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The Professor Is In

Want to see them?

Macklemore & Ryan Lewis come to Buffalo this Saturday, November 9, to perform at the First Niagara Center.

Macklemore and Ryan Lewis bring one of the smartest shows in hip-hop to the First Niagara Center

It’s okay if you’re confused by Macklemore. A white rapper from the Seattle ’burbs rocking thrift shop threads and addressing same-sex marriage in his songs might not fit the mold of what you think a rapper looks like or sounds like.

But behind the white boy swag that has made Macklemore one of the most prolific rappers in the game is a gifted storyteller with a big heart and even bigger ideas.

Macklemore, formerly Professor Macklemore, born Ben Haggerty, looks at the world through a different lens—a world that is particularly unsettling when it comes to equality, hatred, and greed—and addresses our fucked-up planet head-on in his thought-provoking, quick-witted lyrics. In what seems like one quick minute since he and musical counterpart/producer Ryan Lewis took over the scene with their acclaimed album The Heist, Macklemore has changed the way people see and listen to hip-hop, where it comes from, and what it can do.

Considering that the guy found nearly every possible way to screw up his career, it’s no surprise that Macklemore has a fresh perspective. He’s dealt with alcoholism, drug addiction, and all the excess that come with pursuing fame in the music business—all before hitting 30 years old. He went to rehab in 2008, cleaned up, and relapsed in 2011 on prescription cough syrup. He had been making music since 2000 and was still virtually an unknown in the industry.

For a period of time, Macklemore couldn’t escape himself, but sobriety and accountability prevailed. “It’s very important to go into the rooms of AA, smell the shitty coffee, and be reminded that without sobriety, I would have no career,” he told Rolling Stone.

Macklemore has worked with producer, collaborator, and friend Ryan Lewis since 2009, and he owes much of his success to Lewis’s ear and business savvy. The duo got busy, putting out The Unplanned Mixtape and The Vs. EP in 2009, followed by The Vs. Redux in 2010, which reached No. 7 on the iTunes Hip Hop chart. With Macklemore’s ferocious lyrics and Lewis’s knack for creating imaginative beats, it was only a matter of time before the combo blew up.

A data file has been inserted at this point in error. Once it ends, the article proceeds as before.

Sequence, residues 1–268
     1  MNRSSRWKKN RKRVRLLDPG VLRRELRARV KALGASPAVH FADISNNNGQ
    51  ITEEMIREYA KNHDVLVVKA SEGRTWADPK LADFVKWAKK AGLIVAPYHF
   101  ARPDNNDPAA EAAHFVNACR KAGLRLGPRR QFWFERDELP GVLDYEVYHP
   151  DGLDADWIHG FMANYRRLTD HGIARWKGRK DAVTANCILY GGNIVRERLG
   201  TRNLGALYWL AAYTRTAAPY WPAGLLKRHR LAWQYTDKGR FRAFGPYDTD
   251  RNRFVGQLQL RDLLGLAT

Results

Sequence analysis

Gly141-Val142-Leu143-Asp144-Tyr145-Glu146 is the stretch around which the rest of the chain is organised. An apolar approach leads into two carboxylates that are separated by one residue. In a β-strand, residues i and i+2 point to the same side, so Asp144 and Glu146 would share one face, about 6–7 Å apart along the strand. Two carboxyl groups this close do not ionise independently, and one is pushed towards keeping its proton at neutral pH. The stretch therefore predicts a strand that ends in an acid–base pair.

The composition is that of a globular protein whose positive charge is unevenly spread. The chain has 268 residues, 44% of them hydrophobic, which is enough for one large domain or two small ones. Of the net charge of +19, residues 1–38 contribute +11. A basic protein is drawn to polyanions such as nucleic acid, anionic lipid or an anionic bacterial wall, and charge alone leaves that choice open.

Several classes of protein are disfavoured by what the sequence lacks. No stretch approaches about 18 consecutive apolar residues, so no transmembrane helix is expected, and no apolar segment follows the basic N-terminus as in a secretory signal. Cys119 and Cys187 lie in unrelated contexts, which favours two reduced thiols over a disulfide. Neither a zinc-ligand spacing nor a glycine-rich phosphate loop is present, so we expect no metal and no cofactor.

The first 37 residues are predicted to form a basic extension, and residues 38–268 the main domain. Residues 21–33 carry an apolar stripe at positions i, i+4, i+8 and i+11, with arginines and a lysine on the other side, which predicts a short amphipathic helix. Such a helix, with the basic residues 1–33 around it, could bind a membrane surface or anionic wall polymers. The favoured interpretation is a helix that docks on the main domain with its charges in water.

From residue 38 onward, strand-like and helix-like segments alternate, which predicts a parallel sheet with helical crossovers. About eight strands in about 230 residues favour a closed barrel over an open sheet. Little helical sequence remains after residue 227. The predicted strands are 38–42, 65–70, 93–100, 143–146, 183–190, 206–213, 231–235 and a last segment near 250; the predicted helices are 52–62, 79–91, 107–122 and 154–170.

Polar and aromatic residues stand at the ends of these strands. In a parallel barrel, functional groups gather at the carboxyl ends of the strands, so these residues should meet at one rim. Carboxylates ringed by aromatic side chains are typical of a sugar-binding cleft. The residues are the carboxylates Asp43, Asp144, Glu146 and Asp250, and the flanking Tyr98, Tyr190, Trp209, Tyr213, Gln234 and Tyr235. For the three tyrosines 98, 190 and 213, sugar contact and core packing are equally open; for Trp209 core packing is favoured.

Then came The Heist.

Released in October 2012, The Heist is an ambitious, 15-track coup d’état of the hip-hop genre. The fact that it was independently produced, recorded, and released by Macklemore and Lewis, and reached No. 1 on iTunes within hours of being launched, is groundbreaking in itself. Content-wise, the album succeeds in being catchy without all the poppy filler, and socially conscious without being preachy. The Heist opens with “Ten Thousand Hours,” a testament to the dues Macklemore has paid over the years, where the rapper boldly announces that he has indeed arrived: “About damn time that I got out of my basement/About damn time I got around the country and I hit these stages/I was made to slay them.” Macklemore/Lewis follow up with their radio hits, “Can’t Hold Us” and “Thrift Shop,” both insanely infectious and fun tracks. Backed by a driving piano beat and Ray Dalton’s soulful chorus, “Can’t Hold Us” is one of those sing-a-longs that sticks to your brain. Billboard-topping “Thrift Shop” is probably the song you heard before you knew who Macklemore was, and despite being one of the more overplayed radio songs in recent history, it is nonetheless loveable as it harkens back to Macklemore’s early days parading around town in velour jumpsuits and slippers.

If you caught the Video Music Awards and heard Mary Lambert belt out “Same Love,” then you already know that Macklemore isn’t one to shy away from controversy. His pro same-sex marriage stance is refreshing and pertinent: “I might not be the same/But that’s not important/No freedom ’til we’re equal/Damn right I support it.” It’s the kind of important, memorable track that hip-hop has been sorely lacking, and undoubtedly contains one of the most powerful messages on the album.

A song with a title like “Make That Money,” may sound like any other predictable rap song about bling and whips that every other predictable rapper is putting out these days. But Macklemore cleverly uses it as his anti-rap declaration and, with Lewis’s unique production, crafts a song that’s about as far away from conventional hip-hop as you can get. “Starting Over,” featuring Ben Bridwell of Band of Horses, delves into Macklemore’s addiction and struggle with sobriety: “And you know what pain looks like/When you tell your dad you relapsed then look him directly into his face.” It is a vivid and heartbreaking line, and Macklemore’s honest and sincere confession is simultaneously hopeful and uplifting when you consider how far he’s come.

Killer hooks from Lewis and masterful lyrics from Macklemore aside, each song on The Heist is about something. Whether it’s God, gay rights, addiction, or bargain shopping, Macklemore has a remarkable way of opening eyes and turning heads. He’s the kind of artist who exists in exactly the right time and place, delivering more substance in one album than some rappers manage in their entire careers, and saying what needs to be said without any apologies.

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